Indexed on: 23 Mar '10Published on: 23 Mar '10Published in: Veterinary Research Communications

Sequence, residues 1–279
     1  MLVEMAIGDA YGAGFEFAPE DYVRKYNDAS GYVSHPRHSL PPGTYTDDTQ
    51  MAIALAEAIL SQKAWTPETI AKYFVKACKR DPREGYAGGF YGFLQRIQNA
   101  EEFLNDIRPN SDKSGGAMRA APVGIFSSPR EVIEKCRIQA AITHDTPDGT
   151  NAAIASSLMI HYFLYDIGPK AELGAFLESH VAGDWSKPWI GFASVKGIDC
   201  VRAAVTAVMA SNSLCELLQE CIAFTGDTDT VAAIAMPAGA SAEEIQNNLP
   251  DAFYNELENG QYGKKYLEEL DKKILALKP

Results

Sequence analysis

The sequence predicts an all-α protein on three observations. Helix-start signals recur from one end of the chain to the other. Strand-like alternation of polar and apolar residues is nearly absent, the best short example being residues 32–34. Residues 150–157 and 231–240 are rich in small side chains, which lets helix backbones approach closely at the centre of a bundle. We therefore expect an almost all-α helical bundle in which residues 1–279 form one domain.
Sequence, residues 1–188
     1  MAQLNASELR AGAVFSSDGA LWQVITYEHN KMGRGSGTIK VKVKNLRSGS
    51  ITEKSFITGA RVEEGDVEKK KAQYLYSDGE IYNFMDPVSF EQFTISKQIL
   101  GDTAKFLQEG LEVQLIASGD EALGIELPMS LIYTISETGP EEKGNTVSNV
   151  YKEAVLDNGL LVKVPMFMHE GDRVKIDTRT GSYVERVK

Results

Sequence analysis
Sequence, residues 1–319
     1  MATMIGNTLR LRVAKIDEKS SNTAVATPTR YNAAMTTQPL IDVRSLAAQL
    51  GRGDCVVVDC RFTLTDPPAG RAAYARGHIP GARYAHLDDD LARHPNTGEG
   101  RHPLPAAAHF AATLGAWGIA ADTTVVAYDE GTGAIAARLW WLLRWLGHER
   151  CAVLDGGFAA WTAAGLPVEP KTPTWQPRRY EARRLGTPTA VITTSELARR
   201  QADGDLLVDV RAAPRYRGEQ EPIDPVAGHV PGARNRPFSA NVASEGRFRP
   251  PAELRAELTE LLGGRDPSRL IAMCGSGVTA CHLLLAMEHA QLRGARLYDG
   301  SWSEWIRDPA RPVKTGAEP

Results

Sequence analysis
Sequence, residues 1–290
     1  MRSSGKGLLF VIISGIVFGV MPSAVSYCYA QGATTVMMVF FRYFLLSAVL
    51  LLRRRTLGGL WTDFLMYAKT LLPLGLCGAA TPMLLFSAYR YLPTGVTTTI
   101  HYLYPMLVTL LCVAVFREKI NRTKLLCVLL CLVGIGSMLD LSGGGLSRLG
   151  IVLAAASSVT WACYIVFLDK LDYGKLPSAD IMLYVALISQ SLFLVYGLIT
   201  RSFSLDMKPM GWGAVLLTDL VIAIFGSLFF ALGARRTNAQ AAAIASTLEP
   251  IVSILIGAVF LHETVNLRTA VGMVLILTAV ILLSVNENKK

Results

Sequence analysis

The oomycete Pythium insidiosum is the pathogenic cause of pythiosis, a life-threatening disease that affects several animal species. Canines are the second most affected species, and the disease is characterized by the development of cutaneous and gastrointestinal lesions. While concomitant cutaneous and gastrointestinal lesions are rarely found in the same animal, this report documents a case of concurrent cutaneous and gastrointestinal pythiosis in an 18-month-old female Labrador. This dog had an ulcerative cutaneous lesion on the right thoracic region for 12 months that was unresponsive to itraconazole and terbinafine therapy. Two months prior to death and concurrent with the cutaneous lesion, the dog became anorexic with frequent vomiting and bloody stools. At necropsy, a cutaneous lesion that extended subcutaneously into the intercostal muscles was observed. Additionally, the large intestine contained two lesions that caused luminal narrowing. Organs were collected, routinely processed and stained using hematoxylin and eosin and Gomori methenamine silver. Histological examination of the lesions in the large intestine and on the skin revealed areas of necrosis surrounded by a pyogranulomatous infiltrate. Occasionally, black, septate, branching hyphae were detected following staining with Gomori methenamine silver. The diagnosis of pythiosis was confirmed using immunohistochemical methods. This report describes the occurrence of concomitant gastrointestinal and cutaneous lesions in a dog and highlights the therapeutic difficulties encountered with this disease.